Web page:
This story was originally published by Wired and is republished here as part of the Climate Desk collaboration.
Want to get rich? Move to California, become a lawyer. Most important, specialize in water, because as the state’s drought drags on, every drop of coastal rain, every flake of Sierra snowpack, and every inch of reservoir water becomes both more valuable and more contested. Before long you’ll start counting rain drops—every one that fails to fall will ring cha-ching.
The latest windfall to California’s legal community came Friday, when the State Water Resources Control Board announced it was cutting certain historical water rights—held by some farmers, communities, and companies for more than a century. In a normal state with a normal drought, this wouldn’t be too much of an issue. But California water policies are so old (and so unsuited to the state’s desert ecosystem) that they might be outside the jurisdiction of the present-day water board. With barely a weekend for curtailment news to simmer, the summer air is already thick with lawsuit rumors.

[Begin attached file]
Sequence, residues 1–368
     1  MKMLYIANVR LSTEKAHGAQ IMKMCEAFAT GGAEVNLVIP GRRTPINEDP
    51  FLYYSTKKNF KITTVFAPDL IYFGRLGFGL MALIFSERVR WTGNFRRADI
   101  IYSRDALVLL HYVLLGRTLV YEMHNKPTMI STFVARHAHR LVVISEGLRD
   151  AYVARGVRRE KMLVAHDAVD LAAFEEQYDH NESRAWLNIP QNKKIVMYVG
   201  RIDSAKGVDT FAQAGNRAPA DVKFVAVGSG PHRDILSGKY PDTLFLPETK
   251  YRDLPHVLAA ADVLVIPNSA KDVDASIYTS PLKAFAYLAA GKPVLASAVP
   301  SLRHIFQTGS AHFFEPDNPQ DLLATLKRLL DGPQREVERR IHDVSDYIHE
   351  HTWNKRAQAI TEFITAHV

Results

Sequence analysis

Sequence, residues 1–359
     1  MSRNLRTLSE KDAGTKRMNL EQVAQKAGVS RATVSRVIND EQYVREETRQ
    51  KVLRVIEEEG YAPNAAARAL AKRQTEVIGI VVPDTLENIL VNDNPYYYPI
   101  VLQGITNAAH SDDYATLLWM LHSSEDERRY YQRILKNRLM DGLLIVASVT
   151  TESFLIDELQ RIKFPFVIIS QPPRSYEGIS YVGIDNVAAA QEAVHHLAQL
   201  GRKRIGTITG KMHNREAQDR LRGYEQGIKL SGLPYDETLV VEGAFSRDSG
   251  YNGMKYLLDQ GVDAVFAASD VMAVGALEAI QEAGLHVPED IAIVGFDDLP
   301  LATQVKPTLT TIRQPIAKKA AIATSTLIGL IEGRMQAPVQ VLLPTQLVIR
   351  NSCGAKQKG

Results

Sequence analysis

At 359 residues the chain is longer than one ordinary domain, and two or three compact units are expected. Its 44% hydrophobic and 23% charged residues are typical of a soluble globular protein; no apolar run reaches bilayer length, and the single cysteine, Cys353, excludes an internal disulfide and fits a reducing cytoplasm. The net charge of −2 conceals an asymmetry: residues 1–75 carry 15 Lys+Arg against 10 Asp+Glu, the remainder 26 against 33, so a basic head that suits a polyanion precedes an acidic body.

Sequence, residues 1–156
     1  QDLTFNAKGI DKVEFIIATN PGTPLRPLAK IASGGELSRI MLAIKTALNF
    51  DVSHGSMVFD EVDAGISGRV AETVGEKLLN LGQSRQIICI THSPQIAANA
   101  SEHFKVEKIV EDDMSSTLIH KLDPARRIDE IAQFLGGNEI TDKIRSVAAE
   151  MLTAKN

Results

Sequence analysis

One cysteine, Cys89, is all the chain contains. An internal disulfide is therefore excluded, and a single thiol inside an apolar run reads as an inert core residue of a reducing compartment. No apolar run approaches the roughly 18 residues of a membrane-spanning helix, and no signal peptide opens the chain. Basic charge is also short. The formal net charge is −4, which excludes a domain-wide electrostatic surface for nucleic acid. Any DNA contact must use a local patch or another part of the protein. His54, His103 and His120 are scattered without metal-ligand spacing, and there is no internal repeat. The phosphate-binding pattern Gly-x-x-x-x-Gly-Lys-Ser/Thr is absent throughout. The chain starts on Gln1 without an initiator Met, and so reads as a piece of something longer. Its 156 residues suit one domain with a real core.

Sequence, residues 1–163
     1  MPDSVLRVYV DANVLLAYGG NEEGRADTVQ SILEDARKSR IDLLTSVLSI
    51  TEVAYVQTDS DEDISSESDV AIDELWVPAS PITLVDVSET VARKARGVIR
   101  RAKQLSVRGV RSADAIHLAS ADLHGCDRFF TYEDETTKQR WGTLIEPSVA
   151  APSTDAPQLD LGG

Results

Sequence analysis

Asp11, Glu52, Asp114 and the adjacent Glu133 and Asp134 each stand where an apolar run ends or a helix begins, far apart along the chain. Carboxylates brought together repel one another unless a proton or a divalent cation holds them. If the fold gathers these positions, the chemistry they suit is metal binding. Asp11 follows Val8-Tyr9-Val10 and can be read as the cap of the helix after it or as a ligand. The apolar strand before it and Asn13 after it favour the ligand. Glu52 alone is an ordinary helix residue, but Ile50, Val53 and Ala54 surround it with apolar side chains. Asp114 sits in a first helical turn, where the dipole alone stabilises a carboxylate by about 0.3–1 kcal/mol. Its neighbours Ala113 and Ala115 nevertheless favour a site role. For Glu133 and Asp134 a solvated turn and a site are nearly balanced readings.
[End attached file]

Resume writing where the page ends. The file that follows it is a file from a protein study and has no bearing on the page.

“California has the most complex system of water rights in the world,” says Buzz Thompson, a legal expert in said system at Stanford University. The state’s problems trace back to its earliest days. In order to take the stress out of drafting up a constitution from scratch, California’s founders adopted English Common Law, and customized it with caveats to fit their needs. Unfortunately, they didn’t bother amending the Common Law rules on water allocations.
The English, and thus Californians today, used a system called riparian law: You are allowed to use a reasonable amount of any tributary, creek, stream, or river that abuts or bisects your land. This worked great in rainy England, veined with waterways. “That type of system of makes no sense in California,” says Thompson, “because there is a lot of land through which no river or stream passes.”
If you want water to run through your land in California, you have to dig a path for it yourself. The necessity of canals and pipes led to an irrigation-based water rights system called prior appropriation. Under this system, you are allocated a reasonable amount water from the source from whence you diverted, as long as you put it to good use.